I've got a lot! These are good; highly recommended.
If this article is anything to go by, two things seem to unite the people in this new journal: an ideological hostility to, even ressentiment about, something called “liberalism”, and a profound anxiety about race.
A powerful and thought-provoking article about the possibilities of medicalizing grief. I agree with the concerns about medicalizing grief; but then again I also read this as suggesting a focus on people who are stuck, as it were, in a melancholic mode of endless grief—still stuck where they were on the day of the death of a loved one, a year and more after that date. So I see the treatments proposed here, which are not so much pharmacological as cognitive and behavioral, as more continuous with older models of non-chemical treatment; and I feel better about that. Should I?
Columbia U maybe faked its data for US News and World Report! Shock! Who is surprised by this? No one. No one is surprised; or should be surprised. The whole thing is made up.
Always worth listening to Ivan Krastev.
“A cynic might think that the millennial-led community of academic Twitter has been so busy criticizing the academy that it forgot to criticize Twitter. A more generous take would be that early-career scholars have never known anything but emergency mode, and that social media provides an outlet for intellectual expression that precariously employed academics simply cannot find in their own colleges.” Actually, I can be both cynical and generous here. Still, this is worth your while, a little bit, I think. And also, this piece could have been about half as long, and twice as direct (even if some of the audience would find reasons for pearl-clutching), what is it with English lit PhDs?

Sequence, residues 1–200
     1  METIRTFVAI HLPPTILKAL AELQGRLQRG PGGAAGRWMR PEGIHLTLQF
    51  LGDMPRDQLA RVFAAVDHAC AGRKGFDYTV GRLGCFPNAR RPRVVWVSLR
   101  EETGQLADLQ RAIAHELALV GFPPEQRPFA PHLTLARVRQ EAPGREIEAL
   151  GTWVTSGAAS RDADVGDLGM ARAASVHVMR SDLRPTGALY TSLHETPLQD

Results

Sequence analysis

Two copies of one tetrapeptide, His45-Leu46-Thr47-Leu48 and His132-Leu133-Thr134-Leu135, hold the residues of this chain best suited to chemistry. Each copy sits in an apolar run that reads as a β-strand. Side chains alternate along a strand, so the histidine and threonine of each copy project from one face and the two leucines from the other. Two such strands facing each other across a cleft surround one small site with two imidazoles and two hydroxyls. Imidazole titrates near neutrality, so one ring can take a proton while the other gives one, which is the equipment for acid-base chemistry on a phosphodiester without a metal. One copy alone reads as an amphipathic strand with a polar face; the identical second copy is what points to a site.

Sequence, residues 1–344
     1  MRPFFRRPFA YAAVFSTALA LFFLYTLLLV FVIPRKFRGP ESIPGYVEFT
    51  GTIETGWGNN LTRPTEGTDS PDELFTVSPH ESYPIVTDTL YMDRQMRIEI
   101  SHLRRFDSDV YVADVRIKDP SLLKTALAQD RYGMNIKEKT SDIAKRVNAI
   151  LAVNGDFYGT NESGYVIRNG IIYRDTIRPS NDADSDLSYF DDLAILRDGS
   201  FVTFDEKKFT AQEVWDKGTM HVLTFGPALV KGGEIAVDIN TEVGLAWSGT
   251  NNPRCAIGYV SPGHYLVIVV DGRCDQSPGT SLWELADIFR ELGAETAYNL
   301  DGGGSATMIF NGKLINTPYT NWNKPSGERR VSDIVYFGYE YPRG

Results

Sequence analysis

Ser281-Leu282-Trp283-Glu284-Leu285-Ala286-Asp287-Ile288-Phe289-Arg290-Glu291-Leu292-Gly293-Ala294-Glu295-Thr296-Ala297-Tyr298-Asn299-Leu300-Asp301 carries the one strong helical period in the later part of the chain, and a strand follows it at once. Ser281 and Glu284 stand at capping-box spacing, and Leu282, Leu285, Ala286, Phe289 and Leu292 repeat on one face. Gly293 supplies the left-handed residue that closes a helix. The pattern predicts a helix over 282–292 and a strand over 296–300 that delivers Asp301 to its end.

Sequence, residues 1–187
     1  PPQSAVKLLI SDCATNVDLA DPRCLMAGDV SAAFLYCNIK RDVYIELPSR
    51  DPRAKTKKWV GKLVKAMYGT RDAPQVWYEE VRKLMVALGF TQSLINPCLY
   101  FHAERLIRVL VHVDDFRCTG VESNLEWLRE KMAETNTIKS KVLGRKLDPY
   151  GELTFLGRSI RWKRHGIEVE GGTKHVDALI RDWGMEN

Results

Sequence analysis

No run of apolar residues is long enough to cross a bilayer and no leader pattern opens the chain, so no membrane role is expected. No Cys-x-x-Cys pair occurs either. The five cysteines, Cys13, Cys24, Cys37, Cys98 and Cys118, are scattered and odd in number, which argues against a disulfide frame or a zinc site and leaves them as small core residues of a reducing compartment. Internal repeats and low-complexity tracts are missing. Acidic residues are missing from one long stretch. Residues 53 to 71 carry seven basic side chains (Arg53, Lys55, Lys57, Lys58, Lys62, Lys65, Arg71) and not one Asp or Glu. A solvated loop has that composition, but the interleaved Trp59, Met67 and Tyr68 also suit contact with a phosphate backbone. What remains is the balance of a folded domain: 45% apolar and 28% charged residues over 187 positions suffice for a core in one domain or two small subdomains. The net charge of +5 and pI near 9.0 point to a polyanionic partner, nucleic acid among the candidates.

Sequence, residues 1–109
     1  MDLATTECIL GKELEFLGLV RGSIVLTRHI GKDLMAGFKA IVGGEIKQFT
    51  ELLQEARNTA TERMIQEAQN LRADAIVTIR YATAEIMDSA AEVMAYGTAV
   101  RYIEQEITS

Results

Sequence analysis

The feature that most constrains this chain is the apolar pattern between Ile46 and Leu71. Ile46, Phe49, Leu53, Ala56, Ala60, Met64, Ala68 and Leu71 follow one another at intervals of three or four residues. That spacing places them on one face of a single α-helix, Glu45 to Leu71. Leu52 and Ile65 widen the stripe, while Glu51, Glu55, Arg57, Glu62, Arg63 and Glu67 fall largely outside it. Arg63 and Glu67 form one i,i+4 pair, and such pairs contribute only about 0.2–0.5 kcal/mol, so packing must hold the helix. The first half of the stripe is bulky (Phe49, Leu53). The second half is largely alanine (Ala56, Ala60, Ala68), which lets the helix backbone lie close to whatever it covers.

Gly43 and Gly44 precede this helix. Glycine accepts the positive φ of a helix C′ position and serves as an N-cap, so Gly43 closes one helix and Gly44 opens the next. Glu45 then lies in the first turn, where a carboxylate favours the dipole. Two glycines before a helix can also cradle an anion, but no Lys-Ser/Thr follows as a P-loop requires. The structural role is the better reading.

An exceptionally informative piece (well, it’s quite informative, and hardly anyone else is informing us of these things) about what’s going on in Russian and affiliated Orthodox churches vis-a-vis the war.
Interesting about the Jack Reacher character.
“Clear and Present Danger, Ford’s second outing as Ryan, was released in England on 16 September 1994, 11 days after Jim Grant set to work. Perhaps he glimpsed the poster, with its tagline “Truth needs a soldier”, on the afternoon of 1 September, when – we learn from Heather Martin’s engaging biography The Reacher Guy – he visited WH Smith in Manchester’s Arndale Centre and spent £3.99 on lined paper, a pencil, a sharpener and a rubber. The bestselling fiction hardback in the UK that week, and no doubt amply available in Smith’s, was the latest addition to the “Ryanverse”, Debt of Honour.”
Reacher is so much more about the western motif. The books have a velocity in the prose that is unmatched, and have scraped away almost all the encyclopedish war tech-porn that Clancy was so good at doing; here almost everything that is explained is explained in Reacher’s inner monologues.
Also there’s a weirdly apolitical or depoliticized vision of crime & punishment here. Politics takes place far away, and yet local politics is ever present, but mostly detached from larger political patterns, anchored firmly in the maleficence of individual villains. There’s no sense of larger patterns that evil-doers are caught up in, that they are symptoms of. Everything is anchored firmly in individual character: it makes it the perfect neoliberal story.
Good weekend everyone!